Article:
JB Hi-Fi has confirmed it is acquiring whitegoods retailer The Good Guys for A$870 million in a deal that will see the combined group leapfrog Harvey Norman in sales.

The electronics retailer says the two chains have "highly complementary customer bases and product offerings" and the deal strengthens JB Hi-Fi's presence in the A$4.6 billion home appliances market.

"The Good Guys is a high-quality Australian retailer with an excellent track record," JB Hi-Fi chief executive Richard Murray said in a statement to the ASX on Tuesday.

"We are very impressed by what the owners and management have achieved with the business since its establishment and the leading market position they have created."


The deal will add The Good Guys' 101 stores to JB Hi-Fi's existing network of 295 stores across Australia and New Zealand.

The whitegoods retailer generated A$2.09 billion in sales last financial year, with before-tax earnings of A$74.2 million. JB Hi-Fi's revenue was $3.95 billion last year, with EBIT of A$221.2 million.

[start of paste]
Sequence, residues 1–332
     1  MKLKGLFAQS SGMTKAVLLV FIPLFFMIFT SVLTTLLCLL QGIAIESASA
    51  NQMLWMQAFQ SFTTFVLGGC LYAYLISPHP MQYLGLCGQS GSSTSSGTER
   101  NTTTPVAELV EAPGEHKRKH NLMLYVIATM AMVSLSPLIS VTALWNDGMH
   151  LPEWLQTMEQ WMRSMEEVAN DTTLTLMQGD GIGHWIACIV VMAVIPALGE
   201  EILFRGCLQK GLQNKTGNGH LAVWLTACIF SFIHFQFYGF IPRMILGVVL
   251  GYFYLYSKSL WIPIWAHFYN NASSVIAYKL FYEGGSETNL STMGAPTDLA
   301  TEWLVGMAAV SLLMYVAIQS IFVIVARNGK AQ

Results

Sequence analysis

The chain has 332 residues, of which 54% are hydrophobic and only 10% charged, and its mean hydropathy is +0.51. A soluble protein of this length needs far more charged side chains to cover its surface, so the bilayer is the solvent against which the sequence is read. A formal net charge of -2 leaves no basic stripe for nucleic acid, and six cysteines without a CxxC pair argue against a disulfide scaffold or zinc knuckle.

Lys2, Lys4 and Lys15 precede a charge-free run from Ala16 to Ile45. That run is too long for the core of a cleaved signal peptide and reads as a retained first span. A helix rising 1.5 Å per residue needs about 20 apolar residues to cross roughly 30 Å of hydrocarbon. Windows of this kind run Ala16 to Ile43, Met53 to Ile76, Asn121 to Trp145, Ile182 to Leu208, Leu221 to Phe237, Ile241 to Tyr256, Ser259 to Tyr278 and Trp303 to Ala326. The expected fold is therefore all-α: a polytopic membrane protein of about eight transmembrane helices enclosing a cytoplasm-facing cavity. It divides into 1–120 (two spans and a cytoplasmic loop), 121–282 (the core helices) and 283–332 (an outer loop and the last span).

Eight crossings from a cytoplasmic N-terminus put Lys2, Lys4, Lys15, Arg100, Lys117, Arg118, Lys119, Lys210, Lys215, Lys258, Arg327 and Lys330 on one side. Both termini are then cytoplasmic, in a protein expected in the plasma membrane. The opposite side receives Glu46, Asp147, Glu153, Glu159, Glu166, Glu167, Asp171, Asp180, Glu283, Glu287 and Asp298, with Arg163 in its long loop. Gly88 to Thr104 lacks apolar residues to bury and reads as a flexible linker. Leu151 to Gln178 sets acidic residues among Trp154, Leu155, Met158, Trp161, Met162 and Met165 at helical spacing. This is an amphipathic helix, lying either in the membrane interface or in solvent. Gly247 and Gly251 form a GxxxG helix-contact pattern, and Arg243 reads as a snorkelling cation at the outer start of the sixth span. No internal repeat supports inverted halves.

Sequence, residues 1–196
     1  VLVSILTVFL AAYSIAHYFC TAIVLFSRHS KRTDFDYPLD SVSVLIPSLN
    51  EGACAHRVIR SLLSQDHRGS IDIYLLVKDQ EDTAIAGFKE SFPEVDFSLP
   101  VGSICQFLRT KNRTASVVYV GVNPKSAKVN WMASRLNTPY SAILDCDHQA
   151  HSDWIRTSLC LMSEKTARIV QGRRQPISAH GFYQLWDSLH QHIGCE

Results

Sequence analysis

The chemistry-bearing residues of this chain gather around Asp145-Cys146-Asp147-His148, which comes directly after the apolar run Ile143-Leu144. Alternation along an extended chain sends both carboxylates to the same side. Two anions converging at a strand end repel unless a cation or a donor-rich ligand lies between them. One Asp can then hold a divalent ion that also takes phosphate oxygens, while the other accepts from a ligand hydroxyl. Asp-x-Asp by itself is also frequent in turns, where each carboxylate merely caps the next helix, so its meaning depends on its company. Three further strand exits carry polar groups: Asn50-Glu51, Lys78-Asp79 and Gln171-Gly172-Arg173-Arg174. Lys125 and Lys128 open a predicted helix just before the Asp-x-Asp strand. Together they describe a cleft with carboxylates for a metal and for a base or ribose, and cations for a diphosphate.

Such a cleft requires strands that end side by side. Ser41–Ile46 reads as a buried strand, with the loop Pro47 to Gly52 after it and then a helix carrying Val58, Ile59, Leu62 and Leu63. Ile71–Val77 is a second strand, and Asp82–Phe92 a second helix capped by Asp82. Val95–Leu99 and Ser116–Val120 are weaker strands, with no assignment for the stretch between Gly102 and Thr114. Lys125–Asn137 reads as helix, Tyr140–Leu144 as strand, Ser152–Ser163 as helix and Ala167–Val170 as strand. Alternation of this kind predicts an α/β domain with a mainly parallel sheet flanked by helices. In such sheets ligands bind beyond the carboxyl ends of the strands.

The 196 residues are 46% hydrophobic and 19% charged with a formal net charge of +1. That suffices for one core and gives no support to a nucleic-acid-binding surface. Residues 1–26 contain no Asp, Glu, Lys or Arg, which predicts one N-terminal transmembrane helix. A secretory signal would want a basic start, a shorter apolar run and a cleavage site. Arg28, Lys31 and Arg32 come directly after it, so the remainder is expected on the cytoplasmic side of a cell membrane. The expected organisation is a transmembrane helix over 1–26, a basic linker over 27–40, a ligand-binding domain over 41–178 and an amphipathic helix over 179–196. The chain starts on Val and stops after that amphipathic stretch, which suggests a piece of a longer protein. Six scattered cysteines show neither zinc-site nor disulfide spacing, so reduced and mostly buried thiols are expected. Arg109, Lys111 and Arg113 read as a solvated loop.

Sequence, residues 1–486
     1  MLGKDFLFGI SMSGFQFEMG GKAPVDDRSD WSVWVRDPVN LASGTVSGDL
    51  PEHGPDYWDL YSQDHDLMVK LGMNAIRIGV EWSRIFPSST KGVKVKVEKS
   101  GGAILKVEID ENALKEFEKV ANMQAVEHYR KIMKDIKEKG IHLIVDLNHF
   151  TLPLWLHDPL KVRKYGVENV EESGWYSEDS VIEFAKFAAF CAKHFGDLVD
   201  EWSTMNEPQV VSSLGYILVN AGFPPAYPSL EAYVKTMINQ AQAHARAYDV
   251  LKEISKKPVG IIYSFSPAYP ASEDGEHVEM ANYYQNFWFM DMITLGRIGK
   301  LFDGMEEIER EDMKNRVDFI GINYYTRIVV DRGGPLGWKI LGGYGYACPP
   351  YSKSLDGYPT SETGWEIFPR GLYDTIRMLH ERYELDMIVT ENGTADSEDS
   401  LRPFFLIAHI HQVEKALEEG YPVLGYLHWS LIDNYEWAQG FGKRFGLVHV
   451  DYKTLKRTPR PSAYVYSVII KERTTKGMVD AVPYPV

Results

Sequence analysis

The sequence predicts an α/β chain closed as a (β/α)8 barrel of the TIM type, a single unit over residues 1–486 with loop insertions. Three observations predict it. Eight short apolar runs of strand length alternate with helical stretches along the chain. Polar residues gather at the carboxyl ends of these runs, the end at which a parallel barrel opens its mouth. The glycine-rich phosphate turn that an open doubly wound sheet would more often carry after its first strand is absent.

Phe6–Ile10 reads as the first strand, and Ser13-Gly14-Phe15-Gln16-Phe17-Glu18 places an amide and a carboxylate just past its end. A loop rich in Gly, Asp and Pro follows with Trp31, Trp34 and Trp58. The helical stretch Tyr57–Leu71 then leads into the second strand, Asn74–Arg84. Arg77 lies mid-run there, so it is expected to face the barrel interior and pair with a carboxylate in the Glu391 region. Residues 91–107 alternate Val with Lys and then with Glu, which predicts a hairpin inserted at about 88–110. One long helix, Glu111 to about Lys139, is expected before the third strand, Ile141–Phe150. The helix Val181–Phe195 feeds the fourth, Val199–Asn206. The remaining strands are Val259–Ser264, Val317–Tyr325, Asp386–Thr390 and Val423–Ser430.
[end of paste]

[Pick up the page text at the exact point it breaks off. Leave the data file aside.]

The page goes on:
The combined revenue would put the two chains ahead of Harvey Norman, which generated A$5.33 billion in franchisee sales in FY16 with EBIT of A$522.5 million.

The two stores will maintain their separate brands and support offices. JB Hi-Fi says the acquisition will deliver net savings of between A$15-$20 million a year, after one-off implementation costs of between A$10-$12 million in the first 12 months.

JB Hi-Fi will tap shareholders for A$394 million in equity raising to fund the deal, with the balance to be funded from around A$500 million from new and existing debt facilities.

The Good Guys chief executive Michael Ford will continue to lead the business under JB Hi-Fi's ownership. Ford had previously expressed a preference for a share market float over a sale to JB Hi-Fi.

"We are very pleased to welcome Michael and his executive team and look forward to working together to create a market-leading consumer electronics and home appliance retail group," Murray said.

Last month, the competition watchdog gave the deal the all-clear, saying it would not substantially reduce competition in either consumer electronics or whitegoods retailing, with Harvey Norman and Bing Lee among a raft of other companies in the markets.

JB Hi-Fi rejected media speculation around the deal last week.